Policies for the Future of Farming and Food in Norway

    Norway is performing unevenly across its four agricultural policy objectives. While Norway enjoys a high level of food security and is meeting its aim of maintaining agricultural production across the country, both environmental performance and the efficient creation of value added along the food chain are compromised by support policies linked to production levels. Support to producers relative to gross farm receipts is the highest among OECD countries, with 59% of farmers’ revenues coming from government support. Only 3% of total support to agriculture is dedicated to research and innovation. Moreover, while Norway has strong public research institutions and well-designed tax deductions, the private sector lacks the right policy incentives to innovate. This review proposes a new policy approach, centred around innovations that would enable Norway to achieve its objectives and improve the productivity, sustainability and resilience of its agro-food sector. Specific recommendations include increasing the responsiveness of the sector to markets, giving farmers greater flexibility in making production decisions, placing greater emphasis on agri-environmental outcomes, and increasing the role of the private sector in research and innovation.
  • 7-February-2021

    English, PDF, 287kb

    Services Trade Restrictiveness Index Country Note: Norway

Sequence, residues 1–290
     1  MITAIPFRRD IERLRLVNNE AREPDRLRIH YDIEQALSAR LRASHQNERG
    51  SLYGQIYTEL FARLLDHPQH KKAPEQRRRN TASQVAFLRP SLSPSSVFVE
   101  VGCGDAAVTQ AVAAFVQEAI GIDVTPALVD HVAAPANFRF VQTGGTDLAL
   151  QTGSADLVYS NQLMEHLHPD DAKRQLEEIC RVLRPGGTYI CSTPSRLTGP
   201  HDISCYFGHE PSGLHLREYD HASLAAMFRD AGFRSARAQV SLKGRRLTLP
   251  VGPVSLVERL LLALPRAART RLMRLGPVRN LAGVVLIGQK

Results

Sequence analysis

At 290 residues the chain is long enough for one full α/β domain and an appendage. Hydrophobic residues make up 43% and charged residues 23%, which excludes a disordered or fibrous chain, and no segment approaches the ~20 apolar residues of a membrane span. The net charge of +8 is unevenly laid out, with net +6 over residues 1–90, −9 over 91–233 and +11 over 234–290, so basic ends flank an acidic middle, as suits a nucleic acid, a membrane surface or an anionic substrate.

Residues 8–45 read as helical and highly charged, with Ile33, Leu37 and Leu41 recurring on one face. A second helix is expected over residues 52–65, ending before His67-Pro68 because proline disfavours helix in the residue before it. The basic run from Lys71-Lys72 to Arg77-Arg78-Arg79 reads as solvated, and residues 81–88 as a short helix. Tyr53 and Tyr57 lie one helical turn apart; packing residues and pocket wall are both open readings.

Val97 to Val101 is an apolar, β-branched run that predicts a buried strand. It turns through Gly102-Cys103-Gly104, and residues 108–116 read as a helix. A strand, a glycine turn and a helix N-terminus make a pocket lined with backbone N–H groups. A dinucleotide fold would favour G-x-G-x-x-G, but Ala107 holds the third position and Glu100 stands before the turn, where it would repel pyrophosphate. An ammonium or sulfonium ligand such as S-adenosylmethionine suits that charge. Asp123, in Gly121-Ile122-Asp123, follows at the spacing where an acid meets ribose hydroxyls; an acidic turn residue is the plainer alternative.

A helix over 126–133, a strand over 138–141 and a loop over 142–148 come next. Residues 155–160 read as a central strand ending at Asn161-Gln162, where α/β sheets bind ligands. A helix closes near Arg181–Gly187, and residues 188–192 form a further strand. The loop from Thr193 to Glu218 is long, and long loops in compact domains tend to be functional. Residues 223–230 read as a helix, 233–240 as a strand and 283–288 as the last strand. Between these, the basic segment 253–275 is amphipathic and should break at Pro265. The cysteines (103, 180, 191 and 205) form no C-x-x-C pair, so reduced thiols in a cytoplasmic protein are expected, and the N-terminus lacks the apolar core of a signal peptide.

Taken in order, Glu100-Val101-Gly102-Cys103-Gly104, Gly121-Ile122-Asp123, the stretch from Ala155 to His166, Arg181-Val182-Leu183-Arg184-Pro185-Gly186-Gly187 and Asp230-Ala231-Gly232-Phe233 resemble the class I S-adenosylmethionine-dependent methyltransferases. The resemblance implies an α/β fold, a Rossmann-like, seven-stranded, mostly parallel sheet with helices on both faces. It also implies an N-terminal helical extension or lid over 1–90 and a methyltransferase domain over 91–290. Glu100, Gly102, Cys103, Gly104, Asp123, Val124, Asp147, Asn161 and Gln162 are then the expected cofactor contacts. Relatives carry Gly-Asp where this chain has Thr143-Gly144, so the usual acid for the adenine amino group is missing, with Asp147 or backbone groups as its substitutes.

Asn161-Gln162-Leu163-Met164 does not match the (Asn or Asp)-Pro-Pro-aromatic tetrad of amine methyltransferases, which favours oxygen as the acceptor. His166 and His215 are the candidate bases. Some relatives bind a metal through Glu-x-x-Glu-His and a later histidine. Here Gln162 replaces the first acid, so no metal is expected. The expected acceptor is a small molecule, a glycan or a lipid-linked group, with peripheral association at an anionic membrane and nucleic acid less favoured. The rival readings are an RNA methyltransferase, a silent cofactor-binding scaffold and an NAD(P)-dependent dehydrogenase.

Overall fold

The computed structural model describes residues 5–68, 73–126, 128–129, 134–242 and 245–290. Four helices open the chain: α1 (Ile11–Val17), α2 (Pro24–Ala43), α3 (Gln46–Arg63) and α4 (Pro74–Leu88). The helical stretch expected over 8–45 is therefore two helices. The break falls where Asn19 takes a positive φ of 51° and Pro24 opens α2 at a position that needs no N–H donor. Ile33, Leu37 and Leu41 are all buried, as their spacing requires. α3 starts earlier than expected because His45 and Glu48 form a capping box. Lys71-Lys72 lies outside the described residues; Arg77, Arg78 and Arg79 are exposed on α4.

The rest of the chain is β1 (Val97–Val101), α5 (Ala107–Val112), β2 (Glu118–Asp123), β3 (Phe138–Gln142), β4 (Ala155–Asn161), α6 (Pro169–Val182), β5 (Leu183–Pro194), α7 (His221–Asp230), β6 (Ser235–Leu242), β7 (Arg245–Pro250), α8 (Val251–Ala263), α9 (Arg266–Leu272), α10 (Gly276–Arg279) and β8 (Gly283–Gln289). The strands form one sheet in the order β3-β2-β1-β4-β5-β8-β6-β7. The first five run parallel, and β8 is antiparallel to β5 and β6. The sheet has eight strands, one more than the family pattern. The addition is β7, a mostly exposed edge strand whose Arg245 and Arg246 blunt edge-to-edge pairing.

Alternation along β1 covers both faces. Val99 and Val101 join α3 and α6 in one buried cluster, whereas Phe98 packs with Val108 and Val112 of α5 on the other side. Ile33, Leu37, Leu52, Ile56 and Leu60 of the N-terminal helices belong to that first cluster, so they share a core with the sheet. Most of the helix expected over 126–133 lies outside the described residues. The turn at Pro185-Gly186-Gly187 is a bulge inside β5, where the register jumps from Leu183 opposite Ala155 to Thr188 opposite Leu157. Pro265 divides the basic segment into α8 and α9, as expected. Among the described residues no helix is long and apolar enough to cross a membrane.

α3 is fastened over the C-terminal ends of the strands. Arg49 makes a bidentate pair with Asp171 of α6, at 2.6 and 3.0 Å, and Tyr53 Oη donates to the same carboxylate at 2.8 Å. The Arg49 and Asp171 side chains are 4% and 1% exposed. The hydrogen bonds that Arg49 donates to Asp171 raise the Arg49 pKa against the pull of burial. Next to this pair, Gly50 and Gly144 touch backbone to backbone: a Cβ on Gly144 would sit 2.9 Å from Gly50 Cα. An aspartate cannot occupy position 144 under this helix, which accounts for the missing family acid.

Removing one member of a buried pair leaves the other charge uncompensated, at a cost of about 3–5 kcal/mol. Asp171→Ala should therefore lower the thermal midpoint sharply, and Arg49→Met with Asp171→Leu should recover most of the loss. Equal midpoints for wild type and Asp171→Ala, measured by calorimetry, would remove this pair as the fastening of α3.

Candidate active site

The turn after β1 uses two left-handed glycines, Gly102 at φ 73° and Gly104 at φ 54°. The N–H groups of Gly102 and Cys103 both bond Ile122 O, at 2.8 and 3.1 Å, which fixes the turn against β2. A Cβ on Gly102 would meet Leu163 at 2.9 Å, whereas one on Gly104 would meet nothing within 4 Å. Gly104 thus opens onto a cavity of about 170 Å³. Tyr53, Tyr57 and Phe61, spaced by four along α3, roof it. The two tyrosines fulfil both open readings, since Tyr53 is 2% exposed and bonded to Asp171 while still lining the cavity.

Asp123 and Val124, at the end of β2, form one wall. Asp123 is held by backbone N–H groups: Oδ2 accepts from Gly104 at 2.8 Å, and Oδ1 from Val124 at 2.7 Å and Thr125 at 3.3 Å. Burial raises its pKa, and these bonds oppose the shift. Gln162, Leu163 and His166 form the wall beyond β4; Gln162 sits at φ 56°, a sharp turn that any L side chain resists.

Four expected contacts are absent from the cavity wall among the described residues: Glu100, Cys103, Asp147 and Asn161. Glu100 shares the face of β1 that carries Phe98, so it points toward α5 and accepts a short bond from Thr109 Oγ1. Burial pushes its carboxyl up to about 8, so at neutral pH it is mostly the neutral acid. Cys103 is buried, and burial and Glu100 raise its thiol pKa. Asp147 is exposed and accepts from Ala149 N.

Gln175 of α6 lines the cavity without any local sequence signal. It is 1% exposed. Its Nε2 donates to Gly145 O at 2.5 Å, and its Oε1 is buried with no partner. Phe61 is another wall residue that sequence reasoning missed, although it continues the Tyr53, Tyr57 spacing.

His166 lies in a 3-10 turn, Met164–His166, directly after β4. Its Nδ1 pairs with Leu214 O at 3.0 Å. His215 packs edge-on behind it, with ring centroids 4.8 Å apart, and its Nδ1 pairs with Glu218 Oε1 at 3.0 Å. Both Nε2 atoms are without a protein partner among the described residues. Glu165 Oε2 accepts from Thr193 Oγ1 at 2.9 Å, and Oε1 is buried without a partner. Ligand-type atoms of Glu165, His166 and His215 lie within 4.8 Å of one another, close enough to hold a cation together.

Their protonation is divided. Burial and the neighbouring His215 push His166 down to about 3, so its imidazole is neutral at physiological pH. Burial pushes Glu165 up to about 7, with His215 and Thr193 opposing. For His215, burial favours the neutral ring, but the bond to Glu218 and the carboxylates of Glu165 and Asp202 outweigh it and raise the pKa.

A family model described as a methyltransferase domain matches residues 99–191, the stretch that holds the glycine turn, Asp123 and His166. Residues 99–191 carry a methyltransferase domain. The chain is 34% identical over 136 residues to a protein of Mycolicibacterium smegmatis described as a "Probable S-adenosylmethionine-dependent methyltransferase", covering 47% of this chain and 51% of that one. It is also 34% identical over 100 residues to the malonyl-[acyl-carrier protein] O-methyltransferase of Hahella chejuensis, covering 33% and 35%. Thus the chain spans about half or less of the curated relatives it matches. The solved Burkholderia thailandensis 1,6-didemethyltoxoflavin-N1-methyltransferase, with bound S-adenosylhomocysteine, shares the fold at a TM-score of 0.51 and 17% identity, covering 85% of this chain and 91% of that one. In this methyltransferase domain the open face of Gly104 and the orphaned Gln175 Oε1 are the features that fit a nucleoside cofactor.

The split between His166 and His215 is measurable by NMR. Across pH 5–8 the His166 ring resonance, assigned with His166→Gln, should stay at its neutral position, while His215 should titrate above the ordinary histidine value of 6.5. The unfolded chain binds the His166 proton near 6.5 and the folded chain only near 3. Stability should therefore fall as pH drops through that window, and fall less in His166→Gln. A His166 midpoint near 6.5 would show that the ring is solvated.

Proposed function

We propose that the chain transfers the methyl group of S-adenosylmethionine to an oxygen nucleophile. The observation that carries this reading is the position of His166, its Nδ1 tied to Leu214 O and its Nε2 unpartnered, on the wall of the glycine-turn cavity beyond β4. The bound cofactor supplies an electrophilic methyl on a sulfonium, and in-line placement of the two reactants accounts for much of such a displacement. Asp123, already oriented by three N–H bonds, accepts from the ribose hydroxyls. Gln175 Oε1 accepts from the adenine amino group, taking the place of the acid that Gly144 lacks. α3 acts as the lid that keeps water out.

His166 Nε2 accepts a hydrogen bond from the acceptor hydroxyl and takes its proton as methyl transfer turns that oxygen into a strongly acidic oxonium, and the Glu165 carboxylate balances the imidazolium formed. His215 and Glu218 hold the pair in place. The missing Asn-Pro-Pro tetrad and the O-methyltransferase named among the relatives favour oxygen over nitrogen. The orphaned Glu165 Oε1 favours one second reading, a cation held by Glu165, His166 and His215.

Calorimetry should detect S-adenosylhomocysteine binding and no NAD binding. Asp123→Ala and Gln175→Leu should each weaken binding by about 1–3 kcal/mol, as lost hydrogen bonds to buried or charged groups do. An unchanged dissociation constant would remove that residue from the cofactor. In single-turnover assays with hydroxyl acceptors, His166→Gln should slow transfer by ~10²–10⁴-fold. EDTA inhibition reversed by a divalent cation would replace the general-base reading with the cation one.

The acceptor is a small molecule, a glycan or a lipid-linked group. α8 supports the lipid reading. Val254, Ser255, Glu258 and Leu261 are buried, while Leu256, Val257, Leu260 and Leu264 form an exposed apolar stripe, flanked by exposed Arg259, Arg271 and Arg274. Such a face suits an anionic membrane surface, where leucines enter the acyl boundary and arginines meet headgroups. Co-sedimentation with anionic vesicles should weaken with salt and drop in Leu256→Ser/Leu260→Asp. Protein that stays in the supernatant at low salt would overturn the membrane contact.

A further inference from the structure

A two-page OECD summary and analysis of the Services Trade Restrictiveness Index results for Norway.

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  • 13-January-2021

    English

    Job mobility, reallocation and wage growth - A tale of two countries

    This paper analyses the role of job mobility for job reallocation and aggregate wage growth in Norway and the United States using linked employer-employee data. It provides four main findings. First, despite lower overall job mobility in Norway, the speed of worker reallocation from low-wage to high-wage firms is similar to that in the United States. Second, job reallocation tends to be counter-cyclical in Norway, but pro-cyclical in the United States, due to the weaker tendency of high-wage firms in the United States to hoard workers during economic downturns. Third, the reallocation of workers from low to high wage firms through job-to-job mobility disproportionately benefits high-skilled workers in Norway and low-skilled workers in the United States. Fourth, the slowdown in aggregate wage growth primarily reflects a weakening of on-the-job wage growth in both countries rather than a reduced role of job reallocation between low and high-wage firms (although this does also play a role in the United States).